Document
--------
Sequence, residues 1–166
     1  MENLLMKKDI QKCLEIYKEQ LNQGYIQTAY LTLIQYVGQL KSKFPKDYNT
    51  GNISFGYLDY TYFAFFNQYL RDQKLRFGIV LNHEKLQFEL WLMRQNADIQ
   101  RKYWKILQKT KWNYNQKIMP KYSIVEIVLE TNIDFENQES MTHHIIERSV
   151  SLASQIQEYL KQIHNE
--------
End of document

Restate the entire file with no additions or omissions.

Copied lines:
Sequence, residues 1–166
     1  MENLLMKKDI QKCLEIYKEQ LNQGYIQTAY LTLIQYVGQL KSKFPKDYNT
    51  GNISFGYLDY TYFAFFNQYL RDQKLRFGIV LNHEKLQFEL WLMRQNADIQ
   101  RKYWKILQKT KWNYNQKIMP KYSIVEIVLE TNIDFENQES MTHHIIERSV
   151  SLASQIQEYL KQIHNE